Arafat accuses Israel of using poison gas
GAZA (CNN) - Intensifying his criticism, Palestinian Authority President Yasser Arafat on Thursday accused Israel of using poison gas, adding to his accusations that it employed depleted uranium munitions against Palestinian demonstrators.
In a statement on its Web site, the Israel Defense Forces called the accusation "despicable lies."
"The IDF has not and does not use gas during the fighting," the army said.
Arafat, returning to Gaza after a trip to Turkey, welcomed an appeal by U.S. President George W. Bush for both sides in the Israeli-Palestinian conflict to take steps to restore calm, but said Bush should consider the whole story.
"We don't use poison gas and we don't use helicopters or missiles or tanks or airplanes," Arafat said. "But this is a dangerous escalation that the Israeli government and army is carrying out."
Palestinians to have gas sample tested
Israeli officials firmly denied that the army was using poison gas, as they had denied the use of depleted uranium (DU) ammunition when Arafat made the accusation last month shortly after international investigators warned of a possible link between DU use and cancer.
DU is used in anti-tank shells and is prized for its ability to penetrate armor. Yugoslav doctors, investigating use of the weapons during a decade of war in the Balkans, said they had connected cancer in dozens of Bosnia Serbs with the uranium.
NATO and U.S. officials denied the connection.
Arafat's latest accusation stemmed from reports on Tuesday and Wednesday that about 80 Palestinians had been admitted to a Gaza hospital suffering from the effects of poison gas. The Palestinians said that Israeli soldiers had used the gas against them during a demonstration near the Khan Younis refugee camp.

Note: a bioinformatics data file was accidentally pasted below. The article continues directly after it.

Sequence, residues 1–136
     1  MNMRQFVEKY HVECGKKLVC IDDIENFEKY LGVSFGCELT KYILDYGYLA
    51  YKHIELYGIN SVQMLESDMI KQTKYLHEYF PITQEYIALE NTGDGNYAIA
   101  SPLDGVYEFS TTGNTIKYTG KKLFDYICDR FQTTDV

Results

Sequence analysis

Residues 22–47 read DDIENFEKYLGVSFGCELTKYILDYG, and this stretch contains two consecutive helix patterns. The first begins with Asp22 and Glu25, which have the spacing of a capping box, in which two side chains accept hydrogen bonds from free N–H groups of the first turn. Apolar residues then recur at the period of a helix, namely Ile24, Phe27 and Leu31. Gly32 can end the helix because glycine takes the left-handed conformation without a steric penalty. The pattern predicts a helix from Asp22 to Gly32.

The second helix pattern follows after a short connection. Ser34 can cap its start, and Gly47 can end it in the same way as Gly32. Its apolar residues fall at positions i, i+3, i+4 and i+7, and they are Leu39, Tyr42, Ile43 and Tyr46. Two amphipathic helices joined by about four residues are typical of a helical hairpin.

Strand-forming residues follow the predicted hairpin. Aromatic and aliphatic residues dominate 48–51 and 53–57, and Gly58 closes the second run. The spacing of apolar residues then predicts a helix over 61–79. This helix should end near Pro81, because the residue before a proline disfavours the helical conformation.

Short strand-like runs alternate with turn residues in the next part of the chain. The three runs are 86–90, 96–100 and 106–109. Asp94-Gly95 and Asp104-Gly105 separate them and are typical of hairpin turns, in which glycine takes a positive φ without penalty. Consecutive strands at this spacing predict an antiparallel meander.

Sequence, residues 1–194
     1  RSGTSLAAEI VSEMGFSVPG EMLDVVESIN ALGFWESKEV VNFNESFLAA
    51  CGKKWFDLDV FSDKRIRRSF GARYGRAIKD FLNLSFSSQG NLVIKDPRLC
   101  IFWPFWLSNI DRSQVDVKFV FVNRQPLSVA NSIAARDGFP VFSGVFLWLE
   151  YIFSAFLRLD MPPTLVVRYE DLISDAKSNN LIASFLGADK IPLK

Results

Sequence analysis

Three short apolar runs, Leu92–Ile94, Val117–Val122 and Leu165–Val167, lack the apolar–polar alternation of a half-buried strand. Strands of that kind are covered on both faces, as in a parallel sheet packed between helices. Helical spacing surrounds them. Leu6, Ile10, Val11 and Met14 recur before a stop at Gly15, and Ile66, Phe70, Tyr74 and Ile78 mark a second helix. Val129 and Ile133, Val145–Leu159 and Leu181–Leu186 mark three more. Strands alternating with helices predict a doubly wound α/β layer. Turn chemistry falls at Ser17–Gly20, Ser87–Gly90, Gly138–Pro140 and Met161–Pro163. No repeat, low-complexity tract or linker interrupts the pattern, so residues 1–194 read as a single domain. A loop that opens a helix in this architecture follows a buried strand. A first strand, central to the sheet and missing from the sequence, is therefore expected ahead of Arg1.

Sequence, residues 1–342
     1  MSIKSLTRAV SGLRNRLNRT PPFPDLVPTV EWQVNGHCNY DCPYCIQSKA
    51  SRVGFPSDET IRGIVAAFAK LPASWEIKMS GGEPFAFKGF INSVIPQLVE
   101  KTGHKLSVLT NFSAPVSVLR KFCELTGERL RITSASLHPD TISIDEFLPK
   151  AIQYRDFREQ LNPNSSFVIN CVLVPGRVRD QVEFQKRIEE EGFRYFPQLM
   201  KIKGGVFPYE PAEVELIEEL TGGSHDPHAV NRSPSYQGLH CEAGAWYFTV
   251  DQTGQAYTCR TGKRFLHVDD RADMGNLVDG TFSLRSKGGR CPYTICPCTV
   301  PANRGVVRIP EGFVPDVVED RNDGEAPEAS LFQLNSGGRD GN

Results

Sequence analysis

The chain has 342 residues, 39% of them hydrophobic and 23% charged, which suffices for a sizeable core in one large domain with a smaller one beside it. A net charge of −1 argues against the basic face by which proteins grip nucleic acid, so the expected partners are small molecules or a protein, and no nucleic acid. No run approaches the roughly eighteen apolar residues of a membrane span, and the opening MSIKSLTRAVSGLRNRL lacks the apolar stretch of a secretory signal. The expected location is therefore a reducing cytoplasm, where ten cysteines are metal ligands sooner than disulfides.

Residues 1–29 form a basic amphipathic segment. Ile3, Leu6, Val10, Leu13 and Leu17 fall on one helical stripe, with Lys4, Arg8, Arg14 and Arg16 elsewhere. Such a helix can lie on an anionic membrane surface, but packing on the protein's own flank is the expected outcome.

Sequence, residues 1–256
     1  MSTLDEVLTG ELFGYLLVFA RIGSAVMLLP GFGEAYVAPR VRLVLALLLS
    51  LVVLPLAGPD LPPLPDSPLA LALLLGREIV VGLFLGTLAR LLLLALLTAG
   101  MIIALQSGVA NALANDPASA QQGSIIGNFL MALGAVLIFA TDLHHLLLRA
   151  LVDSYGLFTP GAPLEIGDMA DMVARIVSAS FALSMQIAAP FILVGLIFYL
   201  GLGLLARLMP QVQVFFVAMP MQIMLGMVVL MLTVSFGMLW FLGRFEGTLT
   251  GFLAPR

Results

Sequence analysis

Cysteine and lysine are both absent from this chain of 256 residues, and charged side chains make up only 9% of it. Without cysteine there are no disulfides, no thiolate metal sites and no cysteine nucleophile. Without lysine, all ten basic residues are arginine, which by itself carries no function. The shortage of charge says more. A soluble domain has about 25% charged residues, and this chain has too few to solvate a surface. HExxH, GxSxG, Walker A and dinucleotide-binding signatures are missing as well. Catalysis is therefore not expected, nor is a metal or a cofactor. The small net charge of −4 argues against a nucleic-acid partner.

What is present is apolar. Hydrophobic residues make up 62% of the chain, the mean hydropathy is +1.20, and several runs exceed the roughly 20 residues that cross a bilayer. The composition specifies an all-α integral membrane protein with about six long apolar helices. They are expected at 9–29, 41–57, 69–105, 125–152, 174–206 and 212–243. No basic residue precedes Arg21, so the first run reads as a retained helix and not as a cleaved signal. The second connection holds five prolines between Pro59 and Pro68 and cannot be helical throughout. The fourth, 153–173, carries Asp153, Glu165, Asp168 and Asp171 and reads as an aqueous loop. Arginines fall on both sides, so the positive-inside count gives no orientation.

Israeli Communications Minister Benjamin Ben-Eliezer said on Israeli TV that the reports were "incorrect and false."
But Palestinian Cabinet minister Nabil Shaath said that the Palestinians planned to send a sample of the gas to an international center for analysis. He did not elaborate.
U.N. team wants Israeli cooperation
Meanwhile, a U.N. team investigating allegations of human rights abuses by the Israelis in the Palestinian territories met on Thursday with Palestinian Labor Minister Rafik Natche.
South African John Dugard, head of the U.N. Human Rights Commission team, said that the commission had been pleased so far with level of assistance provided by the Palestinians, but not so with that coming from Israel.
"We have been able to collect info from the Palestinian side very easily, but we are worried about the failure of the Israeli government to cooperate with us," Dugard said. "We have called upon the Israeli government again . . . to assist us by providing evidence."
Israeli objects to the investigative team, charged with looking into complaints about Israel's handling of the five-month-long uprising. High on the team's agenda is Israel's policy of targeting Palestinians they believe are responsible for or planning attacks on Israeli citizens and soldiers.
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